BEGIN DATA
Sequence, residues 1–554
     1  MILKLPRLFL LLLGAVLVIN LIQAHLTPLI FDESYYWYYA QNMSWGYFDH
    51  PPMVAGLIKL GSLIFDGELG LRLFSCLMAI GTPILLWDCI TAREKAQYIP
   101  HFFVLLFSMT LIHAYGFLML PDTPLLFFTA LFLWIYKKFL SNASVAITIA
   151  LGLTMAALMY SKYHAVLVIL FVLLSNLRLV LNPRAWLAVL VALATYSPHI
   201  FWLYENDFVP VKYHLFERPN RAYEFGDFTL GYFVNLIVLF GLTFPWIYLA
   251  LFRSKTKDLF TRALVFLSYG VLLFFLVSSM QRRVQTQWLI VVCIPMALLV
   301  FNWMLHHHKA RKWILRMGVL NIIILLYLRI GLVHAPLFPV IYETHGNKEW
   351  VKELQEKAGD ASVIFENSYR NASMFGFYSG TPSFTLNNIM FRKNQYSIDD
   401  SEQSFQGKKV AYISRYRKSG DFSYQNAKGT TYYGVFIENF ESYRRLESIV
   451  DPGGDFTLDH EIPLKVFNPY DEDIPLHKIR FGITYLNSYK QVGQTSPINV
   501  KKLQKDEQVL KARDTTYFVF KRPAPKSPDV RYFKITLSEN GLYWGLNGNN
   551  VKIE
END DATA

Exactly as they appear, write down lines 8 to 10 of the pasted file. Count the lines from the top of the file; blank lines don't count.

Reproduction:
   301  FNWMLHHHKA RKWILRMGVL NIIILLYLRI GLVHAPLFPV IYETHGNKEW
   351  VKELQEKAGD ASVIFENSYR NASMFGFYSG TPSFTLNNIM FRKNQYSIDD
   401  SEQSFQGKKV AYISRYRKSG DFSYQNAKGT TYYGVFIENF ESYRRLESIV